Tribute to John Lewis, an American hero

On July 17, 2020, America lost one of its greatest treasures: U.S. Rep. John Lewis, a man of great strength, courage, sacrifice and love. He dedicated his life to fighting for fairness, justice and equality. He was an icon of the civil rights struggle. A cornerstone of his legacy was his fight for voting rights.

John Lewis and Hosea Williams led a march from Selma to Montgomery, Alabama, on March 7, 1965. After crossing the Edmund Pettis Bridge, the marchers were attacked by state troopers. Lewis was severely beaten, suffering a fractured skull. The attacks were televised throughout the nation. “Bloody Sunday,” as the day was labeled, accelerated the passage of the 1965 Voting Rights Act.

Lewis was the first Black lawmaker to lie in state in the Capitol Rotunda. During his memorial, parts of his 2014 commencement address at Emory University were played. As a person of color, those words reside in my heart, but they also should inspire each of us to do better and be better:

“On a summer night, June 21, 1964, three young men that I know, two white, one African American, Mickey Schwerner, Andy Goodman, and James Chaney, went out to investigate the burning of an African American church that was used for a voter registration workshop. These three young men, detained by the sheriff, taken to jail, taken out of jail, turned over to the Klan, where they were beaten, shot, and killed … trying to help all citizens become participants in a democratic process. As young people, you must understand there are forces that want to take us back to another period. You must say we are not going back. We have made too much progress. And we’re going forward.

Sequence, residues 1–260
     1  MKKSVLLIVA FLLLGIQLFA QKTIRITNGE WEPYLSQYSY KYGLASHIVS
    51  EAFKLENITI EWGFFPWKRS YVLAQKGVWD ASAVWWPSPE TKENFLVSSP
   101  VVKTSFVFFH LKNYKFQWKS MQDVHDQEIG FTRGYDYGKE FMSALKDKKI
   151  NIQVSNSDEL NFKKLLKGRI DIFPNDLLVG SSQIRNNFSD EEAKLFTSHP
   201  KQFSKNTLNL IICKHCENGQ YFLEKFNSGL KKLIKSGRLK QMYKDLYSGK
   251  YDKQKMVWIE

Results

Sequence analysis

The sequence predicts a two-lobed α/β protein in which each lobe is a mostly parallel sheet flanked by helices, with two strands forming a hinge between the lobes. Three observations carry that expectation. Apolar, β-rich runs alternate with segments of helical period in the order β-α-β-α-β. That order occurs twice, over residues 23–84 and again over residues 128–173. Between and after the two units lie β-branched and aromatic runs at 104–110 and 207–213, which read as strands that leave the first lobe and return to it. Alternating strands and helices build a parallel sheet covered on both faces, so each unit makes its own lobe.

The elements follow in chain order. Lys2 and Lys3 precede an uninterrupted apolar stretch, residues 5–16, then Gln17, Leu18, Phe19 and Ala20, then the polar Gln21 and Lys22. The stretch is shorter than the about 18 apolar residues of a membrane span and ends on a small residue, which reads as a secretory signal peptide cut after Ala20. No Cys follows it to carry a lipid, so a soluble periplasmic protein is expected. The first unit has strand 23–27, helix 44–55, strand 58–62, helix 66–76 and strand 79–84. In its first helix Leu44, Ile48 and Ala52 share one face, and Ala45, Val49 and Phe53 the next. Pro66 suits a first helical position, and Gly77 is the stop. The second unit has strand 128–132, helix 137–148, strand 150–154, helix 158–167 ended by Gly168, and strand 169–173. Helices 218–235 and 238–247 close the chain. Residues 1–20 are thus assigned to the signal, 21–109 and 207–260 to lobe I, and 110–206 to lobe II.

“There may be some setbacks … but you must never ever give up or give in. You must keep the faith and keep your eyes on the prize. That is your calling, that is your mission, that is your moral obligation, that is your mandate. Get out there and do it. Get in the way.

“In the final analysis, we all must learn to live together. As brothers and sisters, we all live in the same house, and it doesn’t matter if we are Black or White, Latino, Asian American or Native American. It doesn’t matter if you are straight or gay. We are one people, one family, we all live in the same house. Be bold, be courageous, stand up, speak up, speak out and find a way to create the beloved community, the beloved world, the world of peace, a world that recognizes the dignity of all humankind. Never become bitter, never become hostile, never hate, live in peace, we are one, one people and one love.”

I had the privilege to speak with John Lewis 10 years ago. He graciously welcomed me into his office. He spoke passionately about the need to keep up the fight. In Lewis’s honor and in honor of our country, please, at this important time, request an absentee ballot so you, safely, can vote.

Dennis Patterson is a community activist and former president of the African American Alliance.